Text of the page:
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lex talionis (leks tal-ee-O-nis) noun
The law of retaliation that the punishment should correspond to the crime, as an eye for an eye, a tooth for a tooth. Also called talion.
[From Latin, lex (law) + talionis (retaliation).]
"We are entreated to turn the other cheek and do unto others as we would have them do unto us, yet simultaneously understand lex talionis and the quotidian mayhem depicted on television, in fact and fiction." Shelley Neiderbach; Seeing Can Free Victims From Thirst for Revenge; Newsday (New York); May 10, 2001.
Although Latin is a "dead" language, it remains alive through its extensive vocabulary used in medicine, science, law, and also via the numerous words that the English and other languages have borrowed and built upon. And it's still the official language of the Vatican city state.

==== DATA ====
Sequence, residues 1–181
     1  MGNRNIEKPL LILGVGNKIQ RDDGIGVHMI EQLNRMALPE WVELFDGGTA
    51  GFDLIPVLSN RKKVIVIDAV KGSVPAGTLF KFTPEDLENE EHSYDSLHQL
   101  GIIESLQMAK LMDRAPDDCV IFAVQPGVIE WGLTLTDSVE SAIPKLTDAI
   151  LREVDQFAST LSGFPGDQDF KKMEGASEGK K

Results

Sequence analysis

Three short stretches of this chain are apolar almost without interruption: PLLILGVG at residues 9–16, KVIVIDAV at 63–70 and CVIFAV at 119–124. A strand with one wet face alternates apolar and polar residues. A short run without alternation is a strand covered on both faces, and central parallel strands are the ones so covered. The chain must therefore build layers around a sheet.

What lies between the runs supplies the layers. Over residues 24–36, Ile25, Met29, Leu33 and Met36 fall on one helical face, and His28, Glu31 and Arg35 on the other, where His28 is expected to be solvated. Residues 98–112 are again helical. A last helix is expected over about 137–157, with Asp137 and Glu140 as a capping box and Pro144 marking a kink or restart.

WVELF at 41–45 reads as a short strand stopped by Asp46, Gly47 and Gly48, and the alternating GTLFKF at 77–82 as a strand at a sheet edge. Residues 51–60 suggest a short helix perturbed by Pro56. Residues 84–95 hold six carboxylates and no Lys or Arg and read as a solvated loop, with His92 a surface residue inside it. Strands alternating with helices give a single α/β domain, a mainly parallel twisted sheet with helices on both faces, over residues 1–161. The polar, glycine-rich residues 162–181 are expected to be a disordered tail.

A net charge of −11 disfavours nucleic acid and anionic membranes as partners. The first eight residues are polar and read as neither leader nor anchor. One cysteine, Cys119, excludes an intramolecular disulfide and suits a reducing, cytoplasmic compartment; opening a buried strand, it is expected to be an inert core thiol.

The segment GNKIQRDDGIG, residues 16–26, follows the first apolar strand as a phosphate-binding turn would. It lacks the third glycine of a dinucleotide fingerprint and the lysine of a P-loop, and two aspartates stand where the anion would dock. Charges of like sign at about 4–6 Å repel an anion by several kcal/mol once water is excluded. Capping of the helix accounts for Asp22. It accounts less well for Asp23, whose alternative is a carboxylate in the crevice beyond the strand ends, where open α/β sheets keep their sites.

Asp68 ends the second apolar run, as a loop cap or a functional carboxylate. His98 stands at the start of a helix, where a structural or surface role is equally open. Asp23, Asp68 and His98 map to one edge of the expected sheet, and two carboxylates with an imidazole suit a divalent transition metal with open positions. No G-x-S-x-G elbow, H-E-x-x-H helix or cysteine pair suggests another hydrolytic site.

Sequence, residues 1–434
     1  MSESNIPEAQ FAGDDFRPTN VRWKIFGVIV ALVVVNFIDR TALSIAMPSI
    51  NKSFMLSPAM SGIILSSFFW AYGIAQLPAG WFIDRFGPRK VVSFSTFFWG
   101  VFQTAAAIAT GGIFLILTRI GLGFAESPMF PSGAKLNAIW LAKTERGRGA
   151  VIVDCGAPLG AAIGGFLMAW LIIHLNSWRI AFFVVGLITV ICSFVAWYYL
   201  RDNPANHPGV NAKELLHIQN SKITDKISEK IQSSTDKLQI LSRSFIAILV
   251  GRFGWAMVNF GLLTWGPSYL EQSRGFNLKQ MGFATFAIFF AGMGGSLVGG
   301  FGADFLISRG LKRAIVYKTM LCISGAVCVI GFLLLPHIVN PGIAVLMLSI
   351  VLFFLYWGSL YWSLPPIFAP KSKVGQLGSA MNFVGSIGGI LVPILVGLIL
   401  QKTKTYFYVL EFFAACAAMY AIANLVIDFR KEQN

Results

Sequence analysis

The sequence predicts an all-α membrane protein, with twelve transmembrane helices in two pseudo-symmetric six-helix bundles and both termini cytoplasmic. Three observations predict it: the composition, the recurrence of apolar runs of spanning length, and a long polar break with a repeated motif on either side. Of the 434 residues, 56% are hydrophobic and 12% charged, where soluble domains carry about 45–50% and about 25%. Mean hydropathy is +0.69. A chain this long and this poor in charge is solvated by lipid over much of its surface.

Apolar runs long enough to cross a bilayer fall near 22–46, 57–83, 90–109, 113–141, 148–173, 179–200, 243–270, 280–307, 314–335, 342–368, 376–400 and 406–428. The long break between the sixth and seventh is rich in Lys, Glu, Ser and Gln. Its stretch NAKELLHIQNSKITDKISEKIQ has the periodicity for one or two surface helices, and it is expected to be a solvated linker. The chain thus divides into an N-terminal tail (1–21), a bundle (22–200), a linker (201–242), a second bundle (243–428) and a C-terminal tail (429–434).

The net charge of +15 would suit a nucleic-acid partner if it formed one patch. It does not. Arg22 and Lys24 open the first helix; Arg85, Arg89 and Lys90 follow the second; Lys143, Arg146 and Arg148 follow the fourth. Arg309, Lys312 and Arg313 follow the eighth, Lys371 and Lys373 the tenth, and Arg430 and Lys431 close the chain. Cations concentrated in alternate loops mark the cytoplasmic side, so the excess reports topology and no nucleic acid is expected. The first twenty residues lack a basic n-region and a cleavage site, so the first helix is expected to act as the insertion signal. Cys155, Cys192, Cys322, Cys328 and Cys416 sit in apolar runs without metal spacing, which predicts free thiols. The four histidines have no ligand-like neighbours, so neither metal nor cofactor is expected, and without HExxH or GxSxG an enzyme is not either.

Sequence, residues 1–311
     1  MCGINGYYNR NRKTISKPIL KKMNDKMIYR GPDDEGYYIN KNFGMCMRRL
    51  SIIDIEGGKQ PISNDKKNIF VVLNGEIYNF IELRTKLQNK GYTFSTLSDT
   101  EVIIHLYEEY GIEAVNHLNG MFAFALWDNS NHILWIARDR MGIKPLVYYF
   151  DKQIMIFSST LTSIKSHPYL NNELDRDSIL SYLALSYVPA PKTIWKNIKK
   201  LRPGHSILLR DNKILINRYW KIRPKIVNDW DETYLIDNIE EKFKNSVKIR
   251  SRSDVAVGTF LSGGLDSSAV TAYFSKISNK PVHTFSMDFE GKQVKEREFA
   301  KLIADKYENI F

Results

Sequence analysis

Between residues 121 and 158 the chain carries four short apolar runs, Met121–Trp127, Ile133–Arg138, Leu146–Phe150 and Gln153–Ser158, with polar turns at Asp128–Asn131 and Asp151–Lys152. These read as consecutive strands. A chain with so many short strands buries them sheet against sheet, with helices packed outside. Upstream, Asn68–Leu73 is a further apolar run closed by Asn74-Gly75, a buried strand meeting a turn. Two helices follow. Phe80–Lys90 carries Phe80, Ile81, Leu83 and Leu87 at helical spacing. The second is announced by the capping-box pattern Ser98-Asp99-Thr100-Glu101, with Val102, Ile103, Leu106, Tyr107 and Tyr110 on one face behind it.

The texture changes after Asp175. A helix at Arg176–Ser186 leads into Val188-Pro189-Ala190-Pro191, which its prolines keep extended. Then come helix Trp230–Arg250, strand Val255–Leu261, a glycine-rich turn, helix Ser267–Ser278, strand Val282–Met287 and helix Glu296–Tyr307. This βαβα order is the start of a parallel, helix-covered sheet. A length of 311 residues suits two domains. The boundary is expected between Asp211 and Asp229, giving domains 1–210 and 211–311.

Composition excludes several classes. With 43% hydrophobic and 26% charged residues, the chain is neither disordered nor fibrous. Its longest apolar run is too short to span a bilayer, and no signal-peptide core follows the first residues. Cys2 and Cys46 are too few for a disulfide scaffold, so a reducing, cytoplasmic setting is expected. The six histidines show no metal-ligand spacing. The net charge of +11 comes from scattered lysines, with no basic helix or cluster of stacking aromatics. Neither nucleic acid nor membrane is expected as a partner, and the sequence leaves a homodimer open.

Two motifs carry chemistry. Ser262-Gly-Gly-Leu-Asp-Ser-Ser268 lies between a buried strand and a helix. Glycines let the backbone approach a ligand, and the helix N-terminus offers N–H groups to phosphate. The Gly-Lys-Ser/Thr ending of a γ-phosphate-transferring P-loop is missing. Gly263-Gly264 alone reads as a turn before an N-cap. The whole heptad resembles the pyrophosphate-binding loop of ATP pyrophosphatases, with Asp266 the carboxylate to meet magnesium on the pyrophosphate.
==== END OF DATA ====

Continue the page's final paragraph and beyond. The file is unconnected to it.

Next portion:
We use Latin expressions for many purposes, sometimes to sound more literary and at times for idioms that pack a concept in just a few words that would otherwise take a few sentences. This week we'll review Latin terms often used in the English language.
-Anu Garg garg AT wordsmith.org
None are more hopelessly enslaved than those who falsely believe they are free. -Johann Wolfgang von Goethe, poet, dramatist, novelist, and philosopher (1749-1832)
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